Okay, but what is missing in the free version? As usual, only paid versions have "social features" such as achievements and online leaderboards. There is one new feature exclusive to paid versions (in fact, exclusive to the Steam version) -- the Strange Challenge, which generates a new challenge every 77 hours by combining a random geometry, two random lands, and several random orbs, and lets you compare your progress with the other players (every player gets just one chance). Paid versions also get new content earlier -- and such new content is planned for 11.x! Most of the current lands introduce new mechanics, bit adding more complex lands which combine several of these mechanics at once definitely will not hurt, especially if these new land use new procedural generation algorithms. New modes, changing the gameplay in major ways, are planned. The future is exciting!

You can download the Windows, OSX, Android versions from the website, or download the source code (which compiles on Linux) from GitHub. If you want to see what the game is about quickly without downloading, you can also try the online version. Have fun!

Saturday, 26 May 2018

HyperRogue 10.4

After an extremely long series of patch/preview versions (10.3a to 10.3v), it is time to release HyperRogue 10.4! While there are no new lands (they are planned for the next version), this release lets you get more out of the existing lands by changing the grid or presentation. There is also a new competitive mode focused on non-standard geometries!

Many games take place on the Euclidean hex grid; curvature in HyperRogue comes from replacing some of these hexes by other polygons. By replacing them with pentagons (or squares or triangles), we get spherical geometry -- a dodecahedron with 12 lpentagonal faces, or a "soccerball" with 12 pentagons and 20 hexagons. Similarly, we get hyperbolic geometry by replacing them with heptagons (or octagons etc.) -- HyperRogue normally uses the "hyperbolic soccerball" tesselation, with two hexagons and one heptagon meeting in each vertex; for a long time we also had a "heptagonal mode", where all faces are heptagonal, which makes the cells bigger and hyperbolic effects stronger (just like the faces of a dodecahedron are larger than the faces of a soccerball).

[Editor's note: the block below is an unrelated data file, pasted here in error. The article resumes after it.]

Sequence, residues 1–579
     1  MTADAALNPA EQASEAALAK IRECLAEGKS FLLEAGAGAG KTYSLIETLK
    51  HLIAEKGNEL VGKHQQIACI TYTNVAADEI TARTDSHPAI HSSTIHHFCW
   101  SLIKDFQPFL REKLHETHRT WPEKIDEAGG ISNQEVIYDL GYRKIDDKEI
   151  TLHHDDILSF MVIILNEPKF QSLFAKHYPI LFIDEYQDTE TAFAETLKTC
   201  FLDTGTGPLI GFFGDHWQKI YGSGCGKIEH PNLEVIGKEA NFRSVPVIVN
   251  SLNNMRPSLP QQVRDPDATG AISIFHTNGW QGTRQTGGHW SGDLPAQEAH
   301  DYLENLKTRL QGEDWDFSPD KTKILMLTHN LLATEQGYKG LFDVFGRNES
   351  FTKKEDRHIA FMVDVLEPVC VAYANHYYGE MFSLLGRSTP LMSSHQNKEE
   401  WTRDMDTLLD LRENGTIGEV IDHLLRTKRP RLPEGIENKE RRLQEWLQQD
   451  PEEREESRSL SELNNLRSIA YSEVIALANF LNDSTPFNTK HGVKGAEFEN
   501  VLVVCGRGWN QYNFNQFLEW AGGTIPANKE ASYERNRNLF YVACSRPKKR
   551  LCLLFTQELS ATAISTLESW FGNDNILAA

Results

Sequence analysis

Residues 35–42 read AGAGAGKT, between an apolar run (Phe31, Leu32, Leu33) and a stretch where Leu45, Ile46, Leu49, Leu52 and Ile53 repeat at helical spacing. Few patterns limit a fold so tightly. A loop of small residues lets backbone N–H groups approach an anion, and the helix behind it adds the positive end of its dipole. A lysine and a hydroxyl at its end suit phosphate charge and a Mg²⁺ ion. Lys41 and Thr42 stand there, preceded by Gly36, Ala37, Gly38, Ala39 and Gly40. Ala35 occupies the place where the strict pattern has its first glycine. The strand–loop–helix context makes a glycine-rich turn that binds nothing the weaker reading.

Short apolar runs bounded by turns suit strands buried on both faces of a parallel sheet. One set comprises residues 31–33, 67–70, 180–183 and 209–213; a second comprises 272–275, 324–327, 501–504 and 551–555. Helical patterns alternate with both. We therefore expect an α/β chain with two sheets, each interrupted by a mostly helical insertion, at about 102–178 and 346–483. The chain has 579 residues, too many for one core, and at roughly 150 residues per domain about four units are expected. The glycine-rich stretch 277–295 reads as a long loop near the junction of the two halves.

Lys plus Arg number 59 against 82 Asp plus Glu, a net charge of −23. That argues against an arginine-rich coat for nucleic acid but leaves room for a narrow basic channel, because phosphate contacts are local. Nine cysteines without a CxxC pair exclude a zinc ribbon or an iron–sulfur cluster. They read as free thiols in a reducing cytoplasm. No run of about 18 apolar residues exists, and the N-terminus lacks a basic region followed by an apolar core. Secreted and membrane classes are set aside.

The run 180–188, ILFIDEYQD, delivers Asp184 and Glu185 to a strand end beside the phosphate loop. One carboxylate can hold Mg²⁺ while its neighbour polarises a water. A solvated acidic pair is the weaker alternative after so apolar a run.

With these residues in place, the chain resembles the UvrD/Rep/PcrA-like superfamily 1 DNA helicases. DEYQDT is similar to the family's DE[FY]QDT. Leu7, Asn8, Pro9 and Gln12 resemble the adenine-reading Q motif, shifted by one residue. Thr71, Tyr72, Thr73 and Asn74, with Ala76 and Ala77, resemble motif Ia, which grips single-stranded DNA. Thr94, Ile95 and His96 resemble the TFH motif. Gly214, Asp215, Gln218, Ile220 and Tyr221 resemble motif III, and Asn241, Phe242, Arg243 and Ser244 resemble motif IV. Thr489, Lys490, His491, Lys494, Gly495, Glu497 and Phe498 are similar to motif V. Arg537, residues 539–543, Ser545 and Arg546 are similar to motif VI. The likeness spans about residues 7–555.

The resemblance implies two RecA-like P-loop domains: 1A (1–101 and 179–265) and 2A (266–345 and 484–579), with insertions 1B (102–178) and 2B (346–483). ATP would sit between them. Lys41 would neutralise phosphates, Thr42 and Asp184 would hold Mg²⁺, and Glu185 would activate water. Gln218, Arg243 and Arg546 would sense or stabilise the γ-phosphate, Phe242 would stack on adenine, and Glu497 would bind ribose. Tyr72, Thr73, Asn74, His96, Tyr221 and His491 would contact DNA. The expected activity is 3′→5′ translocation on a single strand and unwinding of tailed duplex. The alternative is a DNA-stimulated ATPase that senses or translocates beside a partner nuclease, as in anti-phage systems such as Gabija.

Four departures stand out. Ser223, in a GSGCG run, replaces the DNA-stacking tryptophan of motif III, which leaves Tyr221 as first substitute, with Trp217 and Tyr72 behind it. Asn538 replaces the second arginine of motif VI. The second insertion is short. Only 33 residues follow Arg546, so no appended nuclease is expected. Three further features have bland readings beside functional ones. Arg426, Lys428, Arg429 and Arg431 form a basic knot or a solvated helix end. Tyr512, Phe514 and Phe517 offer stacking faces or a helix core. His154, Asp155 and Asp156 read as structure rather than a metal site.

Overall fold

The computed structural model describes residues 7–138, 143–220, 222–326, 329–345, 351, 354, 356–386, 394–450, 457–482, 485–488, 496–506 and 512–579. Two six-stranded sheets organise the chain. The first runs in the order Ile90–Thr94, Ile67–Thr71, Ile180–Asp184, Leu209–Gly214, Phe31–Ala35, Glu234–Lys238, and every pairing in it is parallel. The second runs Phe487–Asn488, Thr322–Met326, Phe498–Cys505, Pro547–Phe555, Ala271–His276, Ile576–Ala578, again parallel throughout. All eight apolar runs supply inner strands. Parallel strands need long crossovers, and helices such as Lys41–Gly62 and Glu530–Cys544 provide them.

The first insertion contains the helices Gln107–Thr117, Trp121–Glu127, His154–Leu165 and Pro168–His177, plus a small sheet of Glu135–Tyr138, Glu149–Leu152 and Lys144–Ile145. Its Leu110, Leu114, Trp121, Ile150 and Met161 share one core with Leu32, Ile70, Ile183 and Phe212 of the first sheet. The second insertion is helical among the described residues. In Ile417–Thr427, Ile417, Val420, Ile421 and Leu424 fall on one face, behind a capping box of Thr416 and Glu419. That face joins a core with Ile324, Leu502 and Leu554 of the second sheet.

Can we go the other direction? If we do not mind losing a bit of regularity, we can! Goldberg polyhedra are obtained by adding more hexagonal faces to a dodecahedron, in a symmetric way described by two numbers -- e.g., soccerball corresponds to GP(1,1). We can do the same operation in the hyperbolic case, and now HyperRogue lets us play in the resulting worlds!

While in the standard HyperRogue grid heptagons are still ubiquitous, they become a precious strategical resource in these new worlds -- they are even more important strategically than in the standard HyperRogue grid. For example, in the standard Land of Eternal Motion, with two Running Dogs next to you, you can (usually) save yourself and leave them behind -- but this is only because there will be heptagons in your path! In GP(2,0) heptagonal (shown above) you may be doomed, though -- the Running Dogs will force you to go a path without any heptagons. Similarly, three monsters "on one side" can be usually survived in the standard HyperRogue map, but you may be doomed in GP(2,0). Thus, this subtle change lets you appreciate the effects of hyperbolic geometry on the gameplay in HyperRogue.

This construction is available in the "experiments with geometry" in special gameplay modes menu. Choose to play the "Crossroads IV" in order to play something similar to the full game -- not all lands though, as the Great Walls are not implemented, and patterns are only approximated. Additionally, the floor pattern code in HyperRogue has been rewritten, making floors look much better not only in GP grids, but in all non-standard geometries available in HyperRogue! The handling of alternate geometry variants of various lands has been improved too, with more efficient menus and improved generation rules in various combinations.

New geometries come with one serious problem, though: there are 15 geometries, most of them in the bitruncated and non-bitruncated variants, some in their Goldberg-Coxeter variants, and more than 50 lands... this makes thousands of combinations. Which one to play? This problem is solved in the new Strange Challenge, which is a combination of Orb Strategy, Pure Tactics, and geometry experiments, inspired by daily/weekly challenges found in other roguelikes and roguelites. Every 77 hours, a new challenge is randomly generated, by choosing a random geometry, and creating a combination of two lands in this geometry; you also get random magical Orbs to be used when you get into a tight spot. This is named "strange challenge" because, well, some of the resulting games are somewhat strange (and also because it lets us adjust the rotation nicely -- daily rotation would be too fast, and weekly rotation would be too slow). Compete with your friends and the best HyperRogue players for top scores in these challenges! (Note: this feature is intended to be available only on Steam.)